Came across this paper posted in gr-qc (General Relativity and Quantum Cosmology) of all places. Abstract:

The observation that we are among the first 10^11 or so humans reduces the prior probability that we find ourselves in a species whose total lifetime number of individuals is much higher, according to arguments of Carter, Leslie, Nielsen, and Gott. However, if we instead start with a prior probability that a history has a total lifetime number which is very large, without assuming that we are in such a history, this more basic probability is not reduced by the observation of how early in history we exist.

While I am skeptical of anything Don Page (Hawking's student and apparently an Evangelical Christian) writes on the topic of anthropics (he publishes stuff on Boltzmann Brains, for pity's sake), Stuart Armstrong and other resident experts in the area should be able to tell if this paper has any substance. If anything, it has a good list of references on the topic.

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This sounds like old news: an SIA prior averts the SSA-style Doomsday arguments. However, it then creates a different Doomsday Argument by way of the Great Filter. It's all explained in Katja's thesis.

I'm wondering if there are multiple schools on this topic which do not read, interact or cite each other. If so, that would be a red flag of a diseased discipline.

It's not so much different non-interacting schools defined by points of view on some question, it's that the same problems have come up in different places in philosophy and cosmology under various guises, and get hashed out in similar fashion in different places. The same families of responses get proposed and in none of the communities is there a decisive settlement of which principles to use. Eventually thee different literatures get connected together, you can chart out the connections with this bibliography.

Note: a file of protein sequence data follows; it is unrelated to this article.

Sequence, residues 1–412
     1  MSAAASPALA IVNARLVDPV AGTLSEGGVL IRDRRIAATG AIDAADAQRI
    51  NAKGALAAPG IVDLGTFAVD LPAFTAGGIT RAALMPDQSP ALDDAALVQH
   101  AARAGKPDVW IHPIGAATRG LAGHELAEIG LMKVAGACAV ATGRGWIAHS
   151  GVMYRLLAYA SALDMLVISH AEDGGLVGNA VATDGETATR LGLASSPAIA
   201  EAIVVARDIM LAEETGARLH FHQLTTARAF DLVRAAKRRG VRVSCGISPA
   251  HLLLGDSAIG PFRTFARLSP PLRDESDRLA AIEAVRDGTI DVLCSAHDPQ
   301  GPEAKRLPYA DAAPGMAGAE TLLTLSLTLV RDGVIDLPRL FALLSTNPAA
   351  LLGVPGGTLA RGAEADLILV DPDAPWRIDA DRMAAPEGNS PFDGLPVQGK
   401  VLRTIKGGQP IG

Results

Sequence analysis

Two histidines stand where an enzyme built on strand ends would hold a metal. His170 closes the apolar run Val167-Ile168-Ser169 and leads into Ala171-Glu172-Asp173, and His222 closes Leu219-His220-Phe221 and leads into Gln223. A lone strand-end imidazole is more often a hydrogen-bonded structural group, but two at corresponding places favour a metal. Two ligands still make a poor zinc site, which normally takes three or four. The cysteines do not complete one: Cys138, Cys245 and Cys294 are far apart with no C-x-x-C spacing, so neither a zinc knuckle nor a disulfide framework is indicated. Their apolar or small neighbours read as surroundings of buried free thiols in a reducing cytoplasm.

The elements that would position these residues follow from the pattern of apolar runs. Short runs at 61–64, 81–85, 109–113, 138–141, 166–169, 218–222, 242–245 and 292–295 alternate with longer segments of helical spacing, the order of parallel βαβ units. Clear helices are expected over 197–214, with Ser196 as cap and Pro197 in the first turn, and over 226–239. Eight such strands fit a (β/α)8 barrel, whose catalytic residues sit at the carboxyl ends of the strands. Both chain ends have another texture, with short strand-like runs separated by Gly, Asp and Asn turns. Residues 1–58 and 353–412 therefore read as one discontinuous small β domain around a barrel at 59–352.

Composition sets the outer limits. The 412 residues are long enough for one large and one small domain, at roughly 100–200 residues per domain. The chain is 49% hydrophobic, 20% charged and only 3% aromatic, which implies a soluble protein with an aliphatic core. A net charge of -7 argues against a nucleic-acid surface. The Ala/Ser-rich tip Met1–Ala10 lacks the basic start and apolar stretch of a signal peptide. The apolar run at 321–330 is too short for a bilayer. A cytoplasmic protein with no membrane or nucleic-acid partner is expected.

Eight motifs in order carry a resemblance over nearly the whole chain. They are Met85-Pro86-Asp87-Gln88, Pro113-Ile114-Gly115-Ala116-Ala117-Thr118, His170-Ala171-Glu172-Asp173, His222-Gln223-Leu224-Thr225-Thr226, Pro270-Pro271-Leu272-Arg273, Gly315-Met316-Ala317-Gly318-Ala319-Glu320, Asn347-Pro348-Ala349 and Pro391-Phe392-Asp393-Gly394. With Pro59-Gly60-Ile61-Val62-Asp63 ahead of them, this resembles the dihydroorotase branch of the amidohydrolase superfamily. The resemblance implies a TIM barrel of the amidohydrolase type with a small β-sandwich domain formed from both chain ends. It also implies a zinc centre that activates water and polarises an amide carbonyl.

Compare studies of publication bias: in many disciplines you get papers finding publication bias in the discipline, a standard back-and-forth takes place in the discipline's journals, similar to ones that had taken place in other fields.

First, the cited paper is from 1994, and was updated 18 years later only to commemorate the Mayan calendar doomsday. Katja's thesis does indeed cite this paper, so the red flag of a diseased discipline can be safely lowered.

Second, it is the favorite hobby of many physicists to spot some place in another field (biology, sociology etc.) where some concept from physics (percolation, self-organized criticality etc.) can be applied, and rush there without reading any of the already existing literature. This habit of physicists can be annoying even in itself for the practitioners of the given field. But then another physicists comes by, finds that the physicists did not properly cite the literature, and deems the field a diseased discipline? Ouch, that must be painful to hear. :)

Ron Pisaturo claims to avoid both the SIA and the SSA. The argument snippet in the OP seems similar to Pisaturo's argument. The snippet does not commit to the SIA,

he publishes stuff on Boltzmann Brains, for pity's sake

I must be missing something here, because this by itself doesn't seem to be a heavy criticism. (Nor for that matter does his being an evangelical Christian seem very relevant. Never underestimate compartmentilization.)

Not sure. Boltzmann brains are really cool, and at some point you realize that they're really a statement about entropy. At which point there's not much more to be said. So most of what can be said about Boltzmann brains will just be silly. Given this fact, we should assume any paper on Boltzmann brains will quickly degenerate into silliness.

EDIT: FYI: there's a joke here.

Can you elaborate on this, or provide a pointer to a discussion about it?

Well, you see, the vast majority of things that can be written about Boltzmann brains will be wrong. Therefore if we assume that a paper on Boltzman brains is pretty much average, it will be wrong.

That assumes that the average paper on Boltzmann brains will be saying things about Boltzmann brains at random. The "therefore" doesn't follow unless you assume there's no filter between possible things that could be said about them and things that actually would be said.

You could argue that the filters wouldn't be strong enough, but that's an argument that has to be made rather than assumed.

Everyone knows that what you see in the real world is like the most common thing you could see. I forget who came up with that, but it was someone smart.

I really hope you're in on the joke :)